Home > Chromium, Ubuntu > Blindly poking at ARM bugs with a stick

Blindly poking at ARM bugs with a stick

Ever felt like poking something unknown with a stick in the dark? that’s the feeling I have when I work on the ARM part of the Chromium package I maintain for Ubuntu.

I spend a lot of time preparing and polishing the Chromium package between the channels updates, so when a given release finally lands in the Stable channel, there’s usually not much left to do (packaging wise) to publish it in the official Ubuntu repositories. There are enough PPA users to cover most issues beforehand, weeks before thanks to the dev / beta / stable gradual landing, with most issues reported directly upstream and fixed there so I don’t have to do it myself downstream.

That seems good, but in fact, it’s only good for i386 and amd64, the only two arches for which PPAs currently build packages.

ARM (armel) is another story. I don’t own any ARM hardware, and so far, I don’t have access to any ARM box so I can’t build or test on this arch (also, no arm PPA means no user testing before it’s too late). The regular PPAs are of no use here: PPAs accessible to Ubuntu members are virtualized (xen instances) [1]. There is another type of PPAs, the native ones, that build on the full set of arches supported in the official repositories, including armel, but for security reasons, they are only available to Canonical employees.

[1] there are two virtualized armel builders, but they are not part of the pool. Of course, opening them to anyone is not realistic, it won’t scale, even with 20 and maybe not even with 50 builders (see below)

Even if I can find someone from Canonical to proxy those builds for me on a native PPA (which is not a very handy workflow, especially knowing that a full build takes ~21 hours on Armel vs ~2 on the other arches, and may need a few iterations to get it right), it doesn’t help for the testing part.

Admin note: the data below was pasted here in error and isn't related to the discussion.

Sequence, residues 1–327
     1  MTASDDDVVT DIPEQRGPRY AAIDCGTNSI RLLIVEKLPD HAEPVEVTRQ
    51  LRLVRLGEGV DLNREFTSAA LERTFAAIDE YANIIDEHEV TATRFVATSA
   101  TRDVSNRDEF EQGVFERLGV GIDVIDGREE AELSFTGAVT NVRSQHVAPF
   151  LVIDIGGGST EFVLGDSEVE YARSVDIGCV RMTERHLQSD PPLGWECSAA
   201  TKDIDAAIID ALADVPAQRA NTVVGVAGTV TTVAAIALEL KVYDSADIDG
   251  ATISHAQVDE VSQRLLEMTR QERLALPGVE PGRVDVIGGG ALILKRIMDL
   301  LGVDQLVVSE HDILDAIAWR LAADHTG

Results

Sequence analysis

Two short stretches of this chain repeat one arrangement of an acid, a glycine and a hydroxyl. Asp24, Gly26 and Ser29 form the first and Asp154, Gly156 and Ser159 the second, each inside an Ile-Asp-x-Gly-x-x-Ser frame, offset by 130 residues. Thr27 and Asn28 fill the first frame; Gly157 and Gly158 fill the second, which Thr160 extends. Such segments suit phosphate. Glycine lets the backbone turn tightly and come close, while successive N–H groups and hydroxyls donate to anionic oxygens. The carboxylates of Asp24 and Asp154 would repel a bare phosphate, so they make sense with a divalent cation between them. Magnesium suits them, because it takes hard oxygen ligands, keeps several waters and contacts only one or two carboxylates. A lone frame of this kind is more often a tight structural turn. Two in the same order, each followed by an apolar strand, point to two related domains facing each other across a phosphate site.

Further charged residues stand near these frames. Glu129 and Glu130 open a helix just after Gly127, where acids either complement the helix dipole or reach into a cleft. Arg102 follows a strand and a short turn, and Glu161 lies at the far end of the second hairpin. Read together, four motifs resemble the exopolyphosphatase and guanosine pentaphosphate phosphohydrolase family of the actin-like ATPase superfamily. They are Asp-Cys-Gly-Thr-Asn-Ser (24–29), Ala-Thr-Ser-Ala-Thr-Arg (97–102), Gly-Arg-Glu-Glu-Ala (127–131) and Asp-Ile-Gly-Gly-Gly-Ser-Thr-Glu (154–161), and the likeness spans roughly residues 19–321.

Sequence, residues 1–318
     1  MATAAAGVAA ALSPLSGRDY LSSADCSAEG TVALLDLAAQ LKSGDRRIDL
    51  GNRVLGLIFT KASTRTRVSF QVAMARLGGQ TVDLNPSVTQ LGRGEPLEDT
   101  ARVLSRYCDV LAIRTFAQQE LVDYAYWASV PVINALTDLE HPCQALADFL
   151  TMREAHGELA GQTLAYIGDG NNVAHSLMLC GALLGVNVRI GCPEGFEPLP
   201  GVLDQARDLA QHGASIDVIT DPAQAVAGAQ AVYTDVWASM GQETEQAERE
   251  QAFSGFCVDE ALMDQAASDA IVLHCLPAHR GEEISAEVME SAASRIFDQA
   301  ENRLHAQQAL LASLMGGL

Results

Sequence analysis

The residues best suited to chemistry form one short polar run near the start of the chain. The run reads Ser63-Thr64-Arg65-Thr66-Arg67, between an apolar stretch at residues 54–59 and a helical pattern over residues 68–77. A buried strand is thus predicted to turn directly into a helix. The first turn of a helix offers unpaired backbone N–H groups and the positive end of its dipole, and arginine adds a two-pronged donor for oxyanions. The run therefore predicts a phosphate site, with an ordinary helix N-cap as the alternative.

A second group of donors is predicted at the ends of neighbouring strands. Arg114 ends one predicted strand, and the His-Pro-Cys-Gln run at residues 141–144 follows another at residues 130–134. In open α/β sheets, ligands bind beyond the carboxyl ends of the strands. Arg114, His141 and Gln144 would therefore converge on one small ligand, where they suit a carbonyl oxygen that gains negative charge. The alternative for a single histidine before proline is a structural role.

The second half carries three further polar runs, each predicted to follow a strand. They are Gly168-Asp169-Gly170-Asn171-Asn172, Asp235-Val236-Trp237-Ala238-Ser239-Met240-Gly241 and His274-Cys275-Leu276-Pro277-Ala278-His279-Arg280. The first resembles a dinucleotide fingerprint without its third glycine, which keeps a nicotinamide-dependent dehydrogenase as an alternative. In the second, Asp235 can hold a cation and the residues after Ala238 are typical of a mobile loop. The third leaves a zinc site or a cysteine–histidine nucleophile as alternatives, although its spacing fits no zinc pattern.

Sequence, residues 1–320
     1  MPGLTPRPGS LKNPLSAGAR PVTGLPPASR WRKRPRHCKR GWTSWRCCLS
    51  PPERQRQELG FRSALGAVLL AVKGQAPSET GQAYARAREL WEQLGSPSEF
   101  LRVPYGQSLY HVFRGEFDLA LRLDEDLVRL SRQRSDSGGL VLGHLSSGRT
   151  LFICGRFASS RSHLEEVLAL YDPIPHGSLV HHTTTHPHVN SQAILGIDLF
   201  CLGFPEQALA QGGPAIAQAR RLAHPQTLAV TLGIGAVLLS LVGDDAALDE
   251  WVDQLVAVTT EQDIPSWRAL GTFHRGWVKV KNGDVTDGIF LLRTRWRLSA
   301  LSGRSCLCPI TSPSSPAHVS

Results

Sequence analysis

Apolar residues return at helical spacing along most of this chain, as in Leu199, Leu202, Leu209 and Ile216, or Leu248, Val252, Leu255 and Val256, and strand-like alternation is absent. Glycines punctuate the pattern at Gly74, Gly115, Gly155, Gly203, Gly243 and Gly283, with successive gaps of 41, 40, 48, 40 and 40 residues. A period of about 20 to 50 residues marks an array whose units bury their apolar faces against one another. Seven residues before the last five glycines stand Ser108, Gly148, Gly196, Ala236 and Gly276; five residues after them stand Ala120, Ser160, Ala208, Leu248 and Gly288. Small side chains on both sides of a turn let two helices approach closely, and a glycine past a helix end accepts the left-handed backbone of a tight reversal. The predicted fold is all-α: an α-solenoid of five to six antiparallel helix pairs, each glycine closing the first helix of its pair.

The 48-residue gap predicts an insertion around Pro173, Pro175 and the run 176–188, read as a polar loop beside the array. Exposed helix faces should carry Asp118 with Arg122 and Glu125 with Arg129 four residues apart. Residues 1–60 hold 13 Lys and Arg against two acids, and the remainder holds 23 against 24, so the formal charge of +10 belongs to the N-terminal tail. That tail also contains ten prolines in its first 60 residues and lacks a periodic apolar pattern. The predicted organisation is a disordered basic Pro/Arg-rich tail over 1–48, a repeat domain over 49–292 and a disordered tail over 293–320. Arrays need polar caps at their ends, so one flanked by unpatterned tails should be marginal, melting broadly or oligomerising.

It’s a recurring problem. I’m facing it at each release, even yesterday with the last security update of Chromium v9 which failed to build, purely by lack of prior testing, or two weeks ago with the PIE hardening crashing on arm only. For arm specific crashes or bugs, I can simply speculate about the causes, blindly poke the package with a stick, respin a build and hope for the best, but most of the time, i’m forced to simply call for help and give up. Nowadays, those bugs receive an arm-port tag in Launchpad, and sit there forever; Chromium is in universe, and I assume the arm team have enough in its plate already with what’s in main. I’m not blaming anyone, but it’s frustrating to be relegated to a passive role. Now with WebGL (gles), and soon breakpad, it’s even worse for armel, more unknown territories..

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  1. Benjamin
    March 2, 2011 at 22:46

    Having a armel PPA would be a starting point. Then you can catch at least build failures earlier.

  2. Dmitrijs Ledkovs
    March 2, 2011 at 23:43

    Contact linaro team! I speculate they would be interested as a stress test of their toolchain.

  3. Tobias
    March 3, 2011 at 01:44

    Has H264 already been purged? I get a codec not available now on HTML5 youtube.

  4. Rune K. Svendsen
    May 16, 2011 at 16:36

    If you’re interested, Genesi has an ARM-based PC available for $130, with full Linux support (comes with Maverick):
    http://www.genesi-usa.com/products

    There’s also the Smartbook (Netbook) for $200. Both are based on Freescale’s i.MX51 platform. But as far as I can tell, they’re planning on releasing i.MX53-based devices soon – within a couple of months. But if these new devices will sell for $130 and $200, respectively, to begin with, I don’t know.

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